How long does it take for a stomach ulcer to heal on its own?
Typically, you will take antibiotics along with acid-suppressing medicine for two weeks. Then you may take acid-suppressing medication for another four to eight weeks. Gastric ulcers tend to heal more slowly than duodenal ulcers. Uncomplicated gastric ulcers take up to two or three months to heal completely.
Stomach and duodenal ulcers are usually due to one of two causes: the bacterium Helicobacter pylori or nonsteroidal anti — inflammatory drugs (NSAIDs) like aspirin, ibuprofen, and naproxen. An ulcer, regardless of the cause, can cause abdominal pain, bleeding, or even cause a hole (perforation).
- To treat peptic ulcers, most people need to take medicines that reduce the amount of acid in the stomach. If you have an H. pylori infection, you will also need to take antibiotics. While symptoms can go away for a short time, you may still have an ulcer. Left untreated, an ulcer can cause life-threatening problems.
- The bacterium Helicobacter pylori has been found to cause some, but not all, stomach ulcers. A study found an association between some people with anxiety disorders and self-reported ulcer over a 10-year period.
- If you have a stomach ulcer, your treatment will depend on what caused it. With treatment, most ulcers heal in a month or two. If your stomach ulcer is caused by an Helicobacter pylori (H. pylori) bacterial infection, a course of antibiotics and a medication called a proton pump inhibitor (PPI) is recommended.
There is no clear evidence to suggest that the stress of modern life or a steady diet of fast food causes ulcers in the stomach and small intestine, but they are nonetheless common in our society: About one out of every 10 Americans will suffer from the burning, gnawing abdominal pain of a peptic (or gastric) ulcer at
- Many other prescription and over-the-counter medications may also irritate the stomach lining, as can tobacco smoke, alcohol, and foods that you have trouble digesting. Gastritis may also be caused by stress, prolonged tension and anxiety, which trigger stomach acid production, or by immune system disorders.
- That stress may cause you to stop processing food efficiently, often processing it too quickly or too slowly. That can cause the bacteria in your body to produce excess gas, which leads to bloating. Irritable bowel syndrome may also be caused by or aggravated by anxiety, and this too can lead to similar gas issues.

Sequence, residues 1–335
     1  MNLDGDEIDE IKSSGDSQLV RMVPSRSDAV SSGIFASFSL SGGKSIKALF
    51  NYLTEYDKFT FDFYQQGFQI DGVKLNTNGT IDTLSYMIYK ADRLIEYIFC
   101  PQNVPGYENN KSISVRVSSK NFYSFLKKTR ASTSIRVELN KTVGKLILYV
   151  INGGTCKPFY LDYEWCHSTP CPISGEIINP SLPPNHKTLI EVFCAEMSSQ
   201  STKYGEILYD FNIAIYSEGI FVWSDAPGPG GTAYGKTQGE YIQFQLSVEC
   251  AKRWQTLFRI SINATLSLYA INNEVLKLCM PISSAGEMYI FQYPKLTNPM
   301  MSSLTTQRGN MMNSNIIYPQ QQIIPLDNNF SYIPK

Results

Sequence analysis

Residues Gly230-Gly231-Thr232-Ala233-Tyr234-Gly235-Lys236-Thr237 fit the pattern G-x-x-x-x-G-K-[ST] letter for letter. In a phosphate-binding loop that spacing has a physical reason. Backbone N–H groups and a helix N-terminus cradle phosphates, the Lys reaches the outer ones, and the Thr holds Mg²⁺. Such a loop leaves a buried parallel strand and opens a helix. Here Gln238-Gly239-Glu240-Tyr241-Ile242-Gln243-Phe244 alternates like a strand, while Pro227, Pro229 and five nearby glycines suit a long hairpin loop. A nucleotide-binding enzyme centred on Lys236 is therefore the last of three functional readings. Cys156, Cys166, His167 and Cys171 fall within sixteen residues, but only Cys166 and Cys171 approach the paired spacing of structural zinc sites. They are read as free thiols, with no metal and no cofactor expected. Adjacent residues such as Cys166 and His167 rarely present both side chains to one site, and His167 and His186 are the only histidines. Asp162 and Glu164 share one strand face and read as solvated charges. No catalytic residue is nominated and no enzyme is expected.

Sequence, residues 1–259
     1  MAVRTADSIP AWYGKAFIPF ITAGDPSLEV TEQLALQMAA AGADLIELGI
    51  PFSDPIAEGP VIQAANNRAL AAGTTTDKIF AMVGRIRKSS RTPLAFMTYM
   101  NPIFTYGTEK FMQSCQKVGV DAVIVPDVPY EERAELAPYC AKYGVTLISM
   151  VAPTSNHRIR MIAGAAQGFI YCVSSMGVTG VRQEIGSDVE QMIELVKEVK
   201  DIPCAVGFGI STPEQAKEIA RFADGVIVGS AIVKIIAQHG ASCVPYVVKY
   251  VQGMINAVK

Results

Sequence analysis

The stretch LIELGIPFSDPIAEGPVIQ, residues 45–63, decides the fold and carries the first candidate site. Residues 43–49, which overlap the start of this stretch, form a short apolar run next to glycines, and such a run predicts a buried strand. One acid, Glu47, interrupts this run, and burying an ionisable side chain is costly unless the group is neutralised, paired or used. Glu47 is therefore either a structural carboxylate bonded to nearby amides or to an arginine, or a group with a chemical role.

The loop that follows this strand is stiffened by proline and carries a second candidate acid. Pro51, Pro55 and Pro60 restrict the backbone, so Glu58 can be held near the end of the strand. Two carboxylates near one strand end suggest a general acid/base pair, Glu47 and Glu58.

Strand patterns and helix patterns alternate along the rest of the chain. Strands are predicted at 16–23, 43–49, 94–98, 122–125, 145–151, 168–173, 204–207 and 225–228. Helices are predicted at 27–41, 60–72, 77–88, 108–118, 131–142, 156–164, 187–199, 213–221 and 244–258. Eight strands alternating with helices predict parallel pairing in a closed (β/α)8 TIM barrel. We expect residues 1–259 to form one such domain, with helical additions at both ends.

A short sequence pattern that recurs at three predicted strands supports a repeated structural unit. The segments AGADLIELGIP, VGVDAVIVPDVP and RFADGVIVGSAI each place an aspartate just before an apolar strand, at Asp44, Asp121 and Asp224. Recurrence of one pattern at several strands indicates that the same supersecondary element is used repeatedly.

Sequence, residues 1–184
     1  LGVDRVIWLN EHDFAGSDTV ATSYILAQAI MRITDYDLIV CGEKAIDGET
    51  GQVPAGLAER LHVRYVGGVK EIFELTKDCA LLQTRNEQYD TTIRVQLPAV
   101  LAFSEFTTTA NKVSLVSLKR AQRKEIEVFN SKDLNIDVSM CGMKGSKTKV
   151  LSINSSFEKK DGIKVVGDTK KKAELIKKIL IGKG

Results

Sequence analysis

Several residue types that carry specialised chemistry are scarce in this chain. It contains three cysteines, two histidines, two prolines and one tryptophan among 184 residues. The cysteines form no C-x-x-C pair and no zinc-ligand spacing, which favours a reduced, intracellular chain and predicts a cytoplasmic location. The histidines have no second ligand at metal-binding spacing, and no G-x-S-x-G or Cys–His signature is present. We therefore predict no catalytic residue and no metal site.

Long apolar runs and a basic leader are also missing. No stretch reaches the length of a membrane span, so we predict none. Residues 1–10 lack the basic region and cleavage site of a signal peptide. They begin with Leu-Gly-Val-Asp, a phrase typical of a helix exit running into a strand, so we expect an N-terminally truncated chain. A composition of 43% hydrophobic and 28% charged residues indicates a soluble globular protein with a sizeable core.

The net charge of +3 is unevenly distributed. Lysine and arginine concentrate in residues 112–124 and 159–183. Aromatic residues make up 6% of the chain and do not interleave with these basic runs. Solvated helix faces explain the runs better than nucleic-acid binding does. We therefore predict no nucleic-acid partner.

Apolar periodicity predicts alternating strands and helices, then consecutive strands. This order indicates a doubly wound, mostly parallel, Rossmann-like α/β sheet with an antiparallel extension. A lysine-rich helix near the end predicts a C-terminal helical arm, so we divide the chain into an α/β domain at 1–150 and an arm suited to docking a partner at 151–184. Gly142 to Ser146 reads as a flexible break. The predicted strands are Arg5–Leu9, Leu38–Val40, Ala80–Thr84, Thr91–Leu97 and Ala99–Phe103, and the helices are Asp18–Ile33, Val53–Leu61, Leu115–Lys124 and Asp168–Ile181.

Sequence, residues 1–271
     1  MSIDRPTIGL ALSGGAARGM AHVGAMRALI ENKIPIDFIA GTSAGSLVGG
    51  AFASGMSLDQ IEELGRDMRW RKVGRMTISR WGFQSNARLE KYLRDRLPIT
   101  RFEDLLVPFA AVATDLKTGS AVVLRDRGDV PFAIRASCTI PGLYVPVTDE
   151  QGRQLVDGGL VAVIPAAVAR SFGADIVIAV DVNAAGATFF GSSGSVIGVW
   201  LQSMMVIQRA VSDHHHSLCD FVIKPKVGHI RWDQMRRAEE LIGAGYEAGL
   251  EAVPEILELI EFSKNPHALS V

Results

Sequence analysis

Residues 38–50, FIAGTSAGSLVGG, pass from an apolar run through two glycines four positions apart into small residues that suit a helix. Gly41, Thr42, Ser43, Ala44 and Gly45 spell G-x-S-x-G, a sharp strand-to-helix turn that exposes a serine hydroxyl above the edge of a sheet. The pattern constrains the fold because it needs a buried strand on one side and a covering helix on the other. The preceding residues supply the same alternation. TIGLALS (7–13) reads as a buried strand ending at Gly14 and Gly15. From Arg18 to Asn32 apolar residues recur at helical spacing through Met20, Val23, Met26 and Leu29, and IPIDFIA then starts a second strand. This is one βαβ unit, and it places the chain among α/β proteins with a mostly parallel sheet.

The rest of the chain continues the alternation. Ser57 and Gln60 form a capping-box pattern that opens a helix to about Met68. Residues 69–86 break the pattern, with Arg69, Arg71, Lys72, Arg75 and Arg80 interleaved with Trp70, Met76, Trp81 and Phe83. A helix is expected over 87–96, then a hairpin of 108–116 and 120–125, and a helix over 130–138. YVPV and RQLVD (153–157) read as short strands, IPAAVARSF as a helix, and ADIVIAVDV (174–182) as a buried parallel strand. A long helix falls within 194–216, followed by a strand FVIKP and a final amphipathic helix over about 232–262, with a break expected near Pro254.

- Being exposed to extreme stress causes a fivefold increase in the risk of a relapse of ulcerative colitis the next day, according to a recent study involving 60 people with inflammatory bowel disease (IBD) published in the journal Gastroenterology Research. Ulcerative colitis itself can increase your stress as well.
The range of treatment options includes:
- Avoid spicy and sour foods until the ulcers heal.
- Drink plenty of fluids.
- Regularly rinse your mouth out with warm, slightly salted water.
- Keep your mouth clean.
- Take pain-relieving medication, such as paracetamol.
- Apply antiseptic gel to the ulcers.
- Use a medicated mouthwash.
- The reason is probably due to the fact that yogurt contains active cultures of good bacteria, which improves the body's ability to fight off the unwanted bacteria in the stomach. Other foods that may help inhibit the growth of H. pylori and reduce gastritis and ulcer formation include: apples.
- During endoscopy, your doctor passes a hollow tube equipped with a lens (endoscope) down your throat and into your esophagus, stomach and small intestine. Using the endoscope, your doctor looks for ulcers. If your doctor detects an ulcer, small tissue samples (biopsy) may be removed for examination in a lab.
- Endoscopy (EGD): A thin, lighted tube is inserted through your mouth and into the stomach and the first part of the small intestine. This test is used to look for ulcers, bleeding, and any tissue that looks abnormal. Endoscopic biopsy: A piece of stomach tissue is removed so it can be analyzed in a lab.
Updated: 15th October 2018